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‘un/ending’ performances showcase ‘circularity of life’ with original choreography

In front of a blue backdrop, performers dressed in black surround an individual with their arms stretched out as part of “un/ending.” The showcase includes 12 choreographed works from 12 graduating dance students. (Shengfeng Chien/Daily Bruin staff)


Glorya Kaufman Dance Theater

May 12-13

By Ashley Kim

May 12, 2023 3:15 p.m.

As spring quarter nears its end, the choreographers of “un/ending” see a new beginning.

This Friday and Saturday, 12 choreographers from the Department of World Arts and Culture/Dance will present their original pieces at the Glorya Kaufman Dance Theater. The performances will feature various dance styles – from dance theater to contemporary to ballroom – that deal with a wide range of thematic matters. The program is titled “un/ending,” which fourth-year dance major Emma-Rose Allen said the choreographers instinctively came upon due to the circular nature of the many themes.

“We came up with the title, ‘un/ending,’ because so much of the work was naturally about transitions and the circularity of life,” Allen said.

[Related: Student-led showcase ‘Metamorphosis’ explores transformation, interpretation]

Many of the choreographers drew from different aspects of their lives and experiences to derive the themes of their pieces, said fourth-year dance and visual performing arts education student Jessica Warshal. She said her piece is the culmination of personal and academic research she conducted on the incarceration of Japanese American and Jewish peoples, from which her own identity comes from. Titled “Camp,” the piece demonstrates the reality of encampment through her family’s experiences, she said.

“A lot of times, history books explain (incarceration), but you don’t really get to experience it on a more personal level,” Warshal said. “I reference a lot of the ideas of wartime … but also of displacement and needing to rely on family when they were incarcerated and sent to camps.”

On the other hand, Sophia Fan, a fourth-year dance student, said she created a love story between a well and the moon, set to piano music by Ryuichi Sakamoto. She said she was inspired by a metaphor in an LGBTQ+ Spanish movie about the romantic tension between a well and a moon and the beauty that comes with the pain of longing.

As for Allen, she said her piece is an ode to her late father and the process of grieving and self-discovery that followed his passing, told through a dance-theater duet about two sisters celebrating New Year’s Eve together.

“I was really interested in the dynamic of movement and text and how they can be skewed separately, or they can tumble and collide into one another,” Allen said.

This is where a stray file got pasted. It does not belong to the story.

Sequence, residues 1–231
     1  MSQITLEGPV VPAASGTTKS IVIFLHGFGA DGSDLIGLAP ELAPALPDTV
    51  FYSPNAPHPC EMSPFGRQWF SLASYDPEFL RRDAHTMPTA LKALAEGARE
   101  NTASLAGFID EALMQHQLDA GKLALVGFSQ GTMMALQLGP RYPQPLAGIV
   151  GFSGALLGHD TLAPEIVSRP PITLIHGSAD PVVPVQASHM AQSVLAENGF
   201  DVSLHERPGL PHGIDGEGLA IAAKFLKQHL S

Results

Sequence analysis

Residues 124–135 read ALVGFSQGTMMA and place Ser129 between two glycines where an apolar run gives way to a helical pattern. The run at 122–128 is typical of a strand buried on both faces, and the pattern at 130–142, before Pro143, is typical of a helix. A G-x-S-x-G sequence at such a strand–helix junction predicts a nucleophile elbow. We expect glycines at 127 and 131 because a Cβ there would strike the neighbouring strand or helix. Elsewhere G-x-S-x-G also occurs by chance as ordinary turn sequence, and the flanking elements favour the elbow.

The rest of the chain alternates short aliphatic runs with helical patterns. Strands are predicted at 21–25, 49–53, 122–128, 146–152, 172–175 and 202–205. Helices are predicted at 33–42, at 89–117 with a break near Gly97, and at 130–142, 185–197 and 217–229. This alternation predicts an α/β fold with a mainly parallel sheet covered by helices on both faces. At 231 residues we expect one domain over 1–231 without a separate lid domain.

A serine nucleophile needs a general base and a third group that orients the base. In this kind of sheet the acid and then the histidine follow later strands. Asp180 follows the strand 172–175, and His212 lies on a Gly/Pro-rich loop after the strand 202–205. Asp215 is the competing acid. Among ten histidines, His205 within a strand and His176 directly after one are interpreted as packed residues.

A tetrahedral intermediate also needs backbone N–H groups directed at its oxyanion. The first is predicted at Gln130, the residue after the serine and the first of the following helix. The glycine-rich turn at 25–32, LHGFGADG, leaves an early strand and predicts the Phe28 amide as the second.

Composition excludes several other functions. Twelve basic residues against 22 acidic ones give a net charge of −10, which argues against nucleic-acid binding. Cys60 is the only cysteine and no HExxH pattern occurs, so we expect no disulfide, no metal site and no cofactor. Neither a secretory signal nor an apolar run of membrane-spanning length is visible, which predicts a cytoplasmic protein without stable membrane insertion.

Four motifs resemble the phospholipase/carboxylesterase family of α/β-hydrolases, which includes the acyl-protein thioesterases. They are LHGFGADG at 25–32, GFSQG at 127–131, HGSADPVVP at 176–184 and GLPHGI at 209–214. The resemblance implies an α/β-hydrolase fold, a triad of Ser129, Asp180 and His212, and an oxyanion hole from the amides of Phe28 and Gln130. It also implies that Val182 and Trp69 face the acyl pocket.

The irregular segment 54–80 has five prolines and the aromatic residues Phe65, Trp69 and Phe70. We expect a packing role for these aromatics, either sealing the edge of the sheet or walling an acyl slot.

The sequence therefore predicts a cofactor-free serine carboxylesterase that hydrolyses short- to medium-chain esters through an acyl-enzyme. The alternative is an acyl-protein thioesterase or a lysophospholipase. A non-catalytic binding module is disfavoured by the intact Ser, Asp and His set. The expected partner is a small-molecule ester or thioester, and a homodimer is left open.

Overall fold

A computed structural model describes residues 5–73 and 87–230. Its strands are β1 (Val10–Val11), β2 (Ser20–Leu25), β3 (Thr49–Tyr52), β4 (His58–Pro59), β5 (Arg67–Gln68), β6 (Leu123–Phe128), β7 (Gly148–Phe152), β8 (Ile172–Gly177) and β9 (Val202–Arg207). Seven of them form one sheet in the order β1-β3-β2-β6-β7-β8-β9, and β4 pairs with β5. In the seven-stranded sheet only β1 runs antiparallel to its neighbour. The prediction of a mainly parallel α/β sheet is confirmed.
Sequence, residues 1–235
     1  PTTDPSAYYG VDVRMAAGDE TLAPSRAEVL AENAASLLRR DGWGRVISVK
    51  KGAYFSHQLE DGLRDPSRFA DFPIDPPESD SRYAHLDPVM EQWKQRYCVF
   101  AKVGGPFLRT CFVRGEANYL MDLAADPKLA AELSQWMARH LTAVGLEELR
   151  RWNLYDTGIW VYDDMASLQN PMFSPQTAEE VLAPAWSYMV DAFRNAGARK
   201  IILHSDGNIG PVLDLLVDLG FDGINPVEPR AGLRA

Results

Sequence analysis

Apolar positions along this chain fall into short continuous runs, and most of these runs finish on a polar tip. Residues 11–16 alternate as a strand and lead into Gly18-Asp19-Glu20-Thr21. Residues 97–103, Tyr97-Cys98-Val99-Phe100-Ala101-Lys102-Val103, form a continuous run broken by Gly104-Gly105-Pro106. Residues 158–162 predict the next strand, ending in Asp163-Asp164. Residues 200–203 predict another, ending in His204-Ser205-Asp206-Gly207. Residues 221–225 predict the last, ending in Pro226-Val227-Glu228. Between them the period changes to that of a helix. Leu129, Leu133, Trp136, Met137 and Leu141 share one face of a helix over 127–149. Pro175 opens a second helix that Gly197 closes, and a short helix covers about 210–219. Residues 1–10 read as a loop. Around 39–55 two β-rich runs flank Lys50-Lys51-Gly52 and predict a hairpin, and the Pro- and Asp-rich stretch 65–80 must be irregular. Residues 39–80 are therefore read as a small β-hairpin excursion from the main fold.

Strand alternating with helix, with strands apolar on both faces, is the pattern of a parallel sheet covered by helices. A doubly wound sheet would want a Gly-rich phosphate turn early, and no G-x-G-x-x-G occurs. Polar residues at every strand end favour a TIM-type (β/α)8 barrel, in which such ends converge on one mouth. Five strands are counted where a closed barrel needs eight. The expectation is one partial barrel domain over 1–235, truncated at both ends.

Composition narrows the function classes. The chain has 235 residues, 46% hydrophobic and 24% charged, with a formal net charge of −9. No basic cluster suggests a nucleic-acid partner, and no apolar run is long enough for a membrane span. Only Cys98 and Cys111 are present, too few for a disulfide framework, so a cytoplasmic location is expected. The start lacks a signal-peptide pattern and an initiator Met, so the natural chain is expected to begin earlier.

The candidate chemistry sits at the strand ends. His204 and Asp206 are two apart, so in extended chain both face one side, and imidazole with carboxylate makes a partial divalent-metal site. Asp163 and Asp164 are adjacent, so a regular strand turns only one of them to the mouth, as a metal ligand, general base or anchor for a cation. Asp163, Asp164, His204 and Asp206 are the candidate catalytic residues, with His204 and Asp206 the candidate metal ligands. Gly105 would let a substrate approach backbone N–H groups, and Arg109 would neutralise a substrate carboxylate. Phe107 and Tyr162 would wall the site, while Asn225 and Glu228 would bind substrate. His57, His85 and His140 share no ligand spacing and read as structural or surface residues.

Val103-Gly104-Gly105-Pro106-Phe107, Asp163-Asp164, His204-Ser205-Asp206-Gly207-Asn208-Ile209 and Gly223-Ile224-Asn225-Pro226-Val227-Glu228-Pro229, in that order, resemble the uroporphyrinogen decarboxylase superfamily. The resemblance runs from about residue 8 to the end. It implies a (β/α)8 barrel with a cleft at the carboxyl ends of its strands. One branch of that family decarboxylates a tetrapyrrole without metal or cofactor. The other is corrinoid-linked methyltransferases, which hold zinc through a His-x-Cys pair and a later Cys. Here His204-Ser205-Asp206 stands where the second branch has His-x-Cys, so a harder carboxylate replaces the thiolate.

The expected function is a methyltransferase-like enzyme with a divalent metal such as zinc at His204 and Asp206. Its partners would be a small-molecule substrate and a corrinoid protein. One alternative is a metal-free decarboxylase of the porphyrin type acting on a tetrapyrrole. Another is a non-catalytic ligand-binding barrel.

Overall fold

The artists started drafting their ideas late fall quarter, Allen said, and the pieces look very different in their finalized stages from how they were initially. She said it is difficult to discern which version of the dance to honor – her current self or who she was five months ago – because her feelings about the subject matter and dance have changed as she processed them, but she still had the desire to stay true to both versions of herself.

Integrity and artistry are two elements integral to her process, but Allen said she realized that it is sufficient to make her piece meaningful to herself because it is her own, and she hopes that audiences find it just as special. There is a lot of uncertainty that comes with the process of creation, Fan said, but in moments of difficulty, her peers encouraged her to go back to the space of pure creation unhindered by the different emotions that rose up in the process.

[Related: Spirituality, ancestral roots flourish in ‘behind the house is the garden’]

Similarly, Warshal said her piece evolved over time and cited feedback sessions that the collective of choreographers called “braintrust” as an impactful space to aid each other’s growth as artists. As such, the showcase is a culmination of the dancers’ college careers, Warshal said, and a way for the senior choreographers to connect as a tight cohort one last time.

“Being able to be part of this process where you’re really vulnerable with each other and share with each other, and you get to see everyone grow and watch their pieces from the beginning to this finalized, beautiful work has been just a really special experience,” Warshal said. “I know it’s unending because it’s this beautiful beginning with all these people as something new is coming out of our time closing as students here.”

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Ashley Kim
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